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From the same journal

Rapid Range Shifts of Species Associated with High Levels of Climate Warming

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Rapid Range Shifts of Species Associated with High Levels of Climate Warming. / Chen, I-Ching; Hill, Jane K.; Ohlemueller, Ralf; Roy, David B.; Thomas, Chris D.

In: Science, Vol. 333, No. 6045, 19.08.2011, p. 1024-1026.

Research output: Contribution to journalArticlepeer-review

Harvard

Chen, I-C, Hill, JK, Ohlemueller, R, Roy, DB & Thomas, CD 2011, 'Rapid Range Shifts of Species Associated with High Levels of Climate Warming', Science, vol. 333, no. 6045, pp. 1024-1026. https://doi.org/10.1126/science.1206432

APA

Chen, I-C., Hill, J. K., Ohlemueller, R., Roy, D. B., & Thomas, C. D. (2011). Rapid Range Shifts of Species Associated with High Levels of Climate Warming. Science, 333(6045), 1024-1026. https://doi.org/10.1126/science.1206432

Vancouver

Chen I-C, Hill JK, Ohlemueller R, Roy DB, Thomas CD. Rapid Range Shifts of Species Associated with High Levels of Climate Warming. Science. 2011 Aug 19;333(6045):1024-1026. https://doi.org/10.1126/science.1206432

Author

Chen, I-Ching ; Hill, Jane K. ; Ohlemueller, Ralf ; Roy, David B. ; Thomas, Chris D. / Rapid Range Shifts of Species Associated with High Levels of Climate Warming. In: Science. 2011 ; Vol. 333, No. 6045. pp. 1024-1026.

Bibtex - Download

@article{e098fbaf4f974194b79256c7ce549bab,
title = "Rapid Range Shifts of Species Associated with High Levels of Climate Warming",
abstract = "The distributions of many terrestrial organisms are currently shifting in latitude or elevation in response to changing climate. Using a meta-analysis, we estimated that the distributions of species have recently shifted to higher elevations at a median rate of 11.0 meters per decade, and to higher latitudes at a median rate of 16.9 kilometers per decade. These rates are approximately two and three times faster than previously reported. The distances moved by species are greatest in studies showing the highest levels of warming, with average latitudinal shifts being generally sufficient to track temperature changes. However, individual species vary greatly in their rates of change, suggesting that the range shift of each species depends on multiple internal species traits and external drivers of change. Rapid average shifts derive from a wide diversity of responses by individual species.",
keywords = "EXTINCTION RISK, IMPACTS, ENVIRONMENTS, TEMPERATURES, FACE",
author = "I-Ching Chen and Hill, {Jane K.} and Ralf Ohlemueller and Roy, {David B.} and Thomas, {Chris D.}",
year = "2011",
month = aug,
day = "19",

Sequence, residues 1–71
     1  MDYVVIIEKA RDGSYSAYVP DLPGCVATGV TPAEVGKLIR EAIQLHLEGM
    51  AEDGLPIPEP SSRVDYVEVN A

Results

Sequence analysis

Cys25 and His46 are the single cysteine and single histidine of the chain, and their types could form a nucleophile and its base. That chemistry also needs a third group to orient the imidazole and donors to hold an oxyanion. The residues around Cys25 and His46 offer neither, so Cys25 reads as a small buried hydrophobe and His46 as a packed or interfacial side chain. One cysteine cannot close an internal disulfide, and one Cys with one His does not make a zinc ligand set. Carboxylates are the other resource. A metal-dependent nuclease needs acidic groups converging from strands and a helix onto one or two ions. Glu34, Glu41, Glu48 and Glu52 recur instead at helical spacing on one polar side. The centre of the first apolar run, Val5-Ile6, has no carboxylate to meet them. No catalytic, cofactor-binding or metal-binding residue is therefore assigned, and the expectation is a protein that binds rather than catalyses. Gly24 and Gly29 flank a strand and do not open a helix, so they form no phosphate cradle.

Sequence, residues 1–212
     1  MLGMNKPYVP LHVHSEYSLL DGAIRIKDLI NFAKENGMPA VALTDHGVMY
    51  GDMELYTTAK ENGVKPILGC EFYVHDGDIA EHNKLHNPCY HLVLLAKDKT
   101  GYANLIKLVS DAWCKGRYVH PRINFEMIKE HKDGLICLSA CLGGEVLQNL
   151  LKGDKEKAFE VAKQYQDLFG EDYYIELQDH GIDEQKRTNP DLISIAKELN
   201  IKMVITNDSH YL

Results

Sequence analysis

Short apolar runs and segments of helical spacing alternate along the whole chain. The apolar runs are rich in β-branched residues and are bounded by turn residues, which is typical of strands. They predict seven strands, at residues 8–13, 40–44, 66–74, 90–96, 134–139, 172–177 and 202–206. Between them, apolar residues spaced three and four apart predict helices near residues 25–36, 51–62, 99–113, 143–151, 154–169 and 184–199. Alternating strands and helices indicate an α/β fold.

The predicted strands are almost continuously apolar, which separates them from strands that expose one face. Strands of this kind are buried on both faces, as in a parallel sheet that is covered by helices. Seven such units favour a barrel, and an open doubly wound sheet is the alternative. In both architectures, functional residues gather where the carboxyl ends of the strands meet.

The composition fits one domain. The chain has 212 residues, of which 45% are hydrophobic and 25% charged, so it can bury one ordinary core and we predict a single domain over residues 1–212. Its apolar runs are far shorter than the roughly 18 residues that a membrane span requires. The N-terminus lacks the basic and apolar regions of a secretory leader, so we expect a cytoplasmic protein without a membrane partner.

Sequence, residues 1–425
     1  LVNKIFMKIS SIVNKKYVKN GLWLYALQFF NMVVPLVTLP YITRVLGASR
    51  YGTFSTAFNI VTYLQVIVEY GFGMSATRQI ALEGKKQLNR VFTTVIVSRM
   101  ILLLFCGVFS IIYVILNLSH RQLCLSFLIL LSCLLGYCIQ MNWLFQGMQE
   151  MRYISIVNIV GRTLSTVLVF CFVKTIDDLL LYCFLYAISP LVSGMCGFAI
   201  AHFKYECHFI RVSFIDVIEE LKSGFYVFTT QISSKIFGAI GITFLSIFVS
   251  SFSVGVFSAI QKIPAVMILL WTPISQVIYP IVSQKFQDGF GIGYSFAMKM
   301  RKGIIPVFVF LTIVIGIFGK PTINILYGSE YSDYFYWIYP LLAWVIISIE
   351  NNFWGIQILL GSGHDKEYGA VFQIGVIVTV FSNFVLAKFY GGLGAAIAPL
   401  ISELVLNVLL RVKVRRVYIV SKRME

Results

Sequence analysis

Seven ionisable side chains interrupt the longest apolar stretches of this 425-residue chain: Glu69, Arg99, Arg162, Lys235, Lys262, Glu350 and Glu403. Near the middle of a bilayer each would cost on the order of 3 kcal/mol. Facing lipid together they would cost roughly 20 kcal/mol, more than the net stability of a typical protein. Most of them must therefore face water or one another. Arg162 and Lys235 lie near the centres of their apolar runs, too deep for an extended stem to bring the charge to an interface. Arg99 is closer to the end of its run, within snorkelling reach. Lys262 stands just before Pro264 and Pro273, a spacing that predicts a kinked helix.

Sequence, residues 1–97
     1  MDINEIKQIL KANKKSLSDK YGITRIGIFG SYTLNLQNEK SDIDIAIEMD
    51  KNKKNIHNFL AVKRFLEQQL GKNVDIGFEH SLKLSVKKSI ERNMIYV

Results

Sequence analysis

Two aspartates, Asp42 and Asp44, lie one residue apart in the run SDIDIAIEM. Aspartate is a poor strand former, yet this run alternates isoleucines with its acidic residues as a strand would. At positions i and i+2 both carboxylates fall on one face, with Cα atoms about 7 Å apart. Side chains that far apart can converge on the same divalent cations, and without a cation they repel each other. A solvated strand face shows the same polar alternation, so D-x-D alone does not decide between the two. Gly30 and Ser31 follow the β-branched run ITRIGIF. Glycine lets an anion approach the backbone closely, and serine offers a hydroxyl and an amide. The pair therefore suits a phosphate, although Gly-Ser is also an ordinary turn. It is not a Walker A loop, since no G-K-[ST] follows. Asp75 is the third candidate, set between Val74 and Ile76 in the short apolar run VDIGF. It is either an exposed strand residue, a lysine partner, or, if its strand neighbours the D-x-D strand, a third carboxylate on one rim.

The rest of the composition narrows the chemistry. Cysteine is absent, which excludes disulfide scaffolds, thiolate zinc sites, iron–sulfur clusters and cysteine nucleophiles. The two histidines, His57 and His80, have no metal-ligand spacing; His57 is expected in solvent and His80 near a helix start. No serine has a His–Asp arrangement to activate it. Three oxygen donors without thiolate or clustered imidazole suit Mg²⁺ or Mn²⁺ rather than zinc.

doi = "10.1126/science.1206432",
language = "English",
volume = "333",
pages = "1024--1026",
journal = "Science",
issn = "0036-8075",
publisher = "American Association for the Advancement of Science",
number = "6045",

}

RIS (suitable for import to EndNote) - Download

TY - JOUR

T1 - Rapid Range Shifts of Species Associated with High Levels of Climate Warming

AU - Chen, I-Ching

AU - Hill, Jane K.

AU - Ohlemueller, Ralf

AU - Roy, David B.

AU - Thomas, Chris D.

PY - 2011/8/19

Y1 - 2011/8/19

N2 - The distributions of many terrestrial organisms are currently shifting in latitude or elevation in response to changing climate. Using a meta-analysis, we estimated that the distributions of species have recently shifted to higher elevations at a median rate of 11.0 meters per decade, and to higher latitudes at a median rate of 16.9 kilometers per decade. These rates are approximately two and three times faster than previously reported. The distances moved by species are greatest in studies showing the highest levels of warming, with average latitudinal shifts being generally sufficient to track temperature changes. However, individual species vary greatly in their rates of change, suggesting that the range shift of each species depends on multiple internal species traits and external drivers of change. Rapid average shifts derive from a wide diversity of responses by individual species.

AB - The distributions of many terrestrial organisms are currently shifting in latitude or elevation in response to changing climate. Using a meta-analysis, we estimated that the distributions of species have recently shifted to higher elevations at a median rate of 11.0 meters per decade, and to higher latitudes at a median rate of 16.9 kilometers per decade. These rates are approximately two and three times faster than previously reported. The distances moved by species are greatest in studies showing the highest levels of warming, with average latitudinal shifts being generally sufficient to track temperature changes. However, individual species vary greatly in their rates of change, suggesting that the range shift of each species depends on multiple internal species traits and external drivers of change. Rapid average shifts derive from a wide diversity of responses by individual species.

KW - EXTINCTION RISK

KW - IMPACTS

KW - ENVIRONMENTS

KW - TEMPERATURES

KW - FACE

UR - http://www.scopus.com/inward/record.url?scp=80051873100&partnerID=8YFLogxK

U2 - 10.1126/science.1206432

DO - 10.1126/science.1206432

M3 - Article

VL - 333

SP - 1024

EP - 1026

JO - Science

JF - Science

SN - 0036-8075

IS - 6045

ER -